Marco Brambilla, Jordi Cabot and Sara Comai: Extending Conceptual Schemas with Business Process Information. Advances in Software Engineering, Volume 2010, Hindawi Publishing Corporation (2010), Article ID 525121, 22 pages
The specification of business processes is becoming a more and more critical aspect for organizations. Such processes are specified as workflow models expressing the logical precedence among the different business activities (i.e., the units of work). Typically, workflow models are managed through specific subsystems, called workflow management systems, to ensure a consistent behavior of the applications with respect to the organization business process. However, for small organizations and/or simple business processes, the complexity and capabilities of these dedicated workflow engines may be overwhelming. In this paper, we therefore, advocate for a different and lightweight approach, consisting in the integration of the business process specification within the system conceptual schema. We show how a workflow-extended conceptual schema can be automatically obtained, which serves both to enforce the organization business process and to manage all its relevant domain data in a unified way. This extended model can be directly processed with current CASE tools, for instance, to generate an implementation of the system (including its business process) in any technological platform.
Business Process Management (BPM) aims at describing, managing, executing, controlling, and storing business processes inside an organization, helping the organization to achieve its mission-critical goals.
The evolving Semantic Web technology can be applied in a large spectrum of applications in which domain knowledge is conceptualized and formalized in order to support diversified and automated knowledge processing performed by a machine. This thesis shows a case in which Semantic Web standards and methodologies are used to semantically describe business processes and then create a repository of them.
The main objective of this thesis project is to set up an analysis and matching environment the natural language multi-domain queries and examine the results retrieved with the tools experimented. This environment is based on the Sift application and through the use of many splitting and information extractions tools will allow us to examine the entries and match them to suitable web search services or service marts.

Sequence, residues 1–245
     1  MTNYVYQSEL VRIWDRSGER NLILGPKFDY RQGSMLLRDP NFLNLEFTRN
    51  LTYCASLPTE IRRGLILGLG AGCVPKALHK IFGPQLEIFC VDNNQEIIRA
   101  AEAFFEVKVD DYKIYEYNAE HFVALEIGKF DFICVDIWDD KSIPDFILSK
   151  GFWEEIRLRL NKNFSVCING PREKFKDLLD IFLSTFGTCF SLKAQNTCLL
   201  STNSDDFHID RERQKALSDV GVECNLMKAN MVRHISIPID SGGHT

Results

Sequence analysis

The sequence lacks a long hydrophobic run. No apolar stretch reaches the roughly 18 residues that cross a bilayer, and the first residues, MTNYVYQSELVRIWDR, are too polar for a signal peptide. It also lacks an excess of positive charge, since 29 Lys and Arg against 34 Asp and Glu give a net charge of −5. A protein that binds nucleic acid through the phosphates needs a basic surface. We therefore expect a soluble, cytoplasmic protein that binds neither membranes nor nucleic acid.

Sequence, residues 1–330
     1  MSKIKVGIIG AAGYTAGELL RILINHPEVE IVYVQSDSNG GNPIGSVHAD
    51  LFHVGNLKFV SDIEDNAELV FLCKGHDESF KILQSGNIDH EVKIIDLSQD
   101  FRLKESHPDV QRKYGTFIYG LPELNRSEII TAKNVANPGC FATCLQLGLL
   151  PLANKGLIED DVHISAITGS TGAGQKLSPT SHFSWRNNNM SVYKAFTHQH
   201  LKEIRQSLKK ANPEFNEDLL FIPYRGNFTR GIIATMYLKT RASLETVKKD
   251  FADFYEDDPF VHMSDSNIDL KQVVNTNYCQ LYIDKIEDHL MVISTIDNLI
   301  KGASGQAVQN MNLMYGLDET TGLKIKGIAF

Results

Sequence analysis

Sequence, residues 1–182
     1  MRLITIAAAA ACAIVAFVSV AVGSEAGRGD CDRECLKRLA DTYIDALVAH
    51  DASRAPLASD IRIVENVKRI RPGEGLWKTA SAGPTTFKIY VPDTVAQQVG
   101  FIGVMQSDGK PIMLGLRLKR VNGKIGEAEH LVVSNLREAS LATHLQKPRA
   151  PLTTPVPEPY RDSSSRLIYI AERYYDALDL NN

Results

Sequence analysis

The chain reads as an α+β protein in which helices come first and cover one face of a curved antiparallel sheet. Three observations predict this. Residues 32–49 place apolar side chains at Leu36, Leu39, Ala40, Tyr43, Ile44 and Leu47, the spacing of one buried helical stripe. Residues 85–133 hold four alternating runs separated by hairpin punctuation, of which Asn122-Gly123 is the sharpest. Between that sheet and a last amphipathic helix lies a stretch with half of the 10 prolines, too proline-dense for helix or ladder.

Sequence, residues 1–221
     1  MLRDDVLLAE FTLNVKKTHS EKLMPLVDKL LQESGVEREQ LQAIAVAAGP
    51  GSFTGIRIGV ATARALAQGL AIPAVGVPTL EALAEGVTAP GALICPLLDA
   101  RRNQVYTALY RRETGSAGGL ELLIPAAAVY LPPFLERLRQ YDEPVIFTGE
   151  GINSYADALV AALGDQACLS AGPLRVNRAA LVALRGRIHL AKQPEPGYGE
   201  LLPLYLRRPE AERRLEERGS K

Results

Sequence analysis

Alessandro Bozzon, Marco Brambilla, Stefano Ceri, Francesco Corcoglioniti, Nicola Gatti. Building Search Computing Applications. In: Search Computing - Challenges and directions. S. Ceri, M. Brambilla (eds.), Chapter 14, pp.268-290, Springer LNCS, Vol. 5950, March 2010, ISBN 978-3-642-12309-2.
Search Computing aims at opening the Web to a new class of search applications, by offering enhanced expressive and computational power. The success of Search Computing, as of any technical advance, will be measured by its impact upon the search industry and market, and this in turn will be highly influenced by reactions of Web users and developers. It is too early to anticipate such reactions – as the technology is still “under construction” – but this chapter attempts a first identification of the possible future players in the development of Search Computing applications, by grossly identifying the roles of “data source publishers” and of “application developers”, and by discussing how classical advertising-based models may support the new applications. This chapter also describes the high-level design of the prototyping environment that is currently under development and how the design will support the deployment upon high performance architectures. Finally, we describe advertising as the prevalent business model of the search engines industry, and briefly discuss the options for the evolution of such model in the context of Search Computing.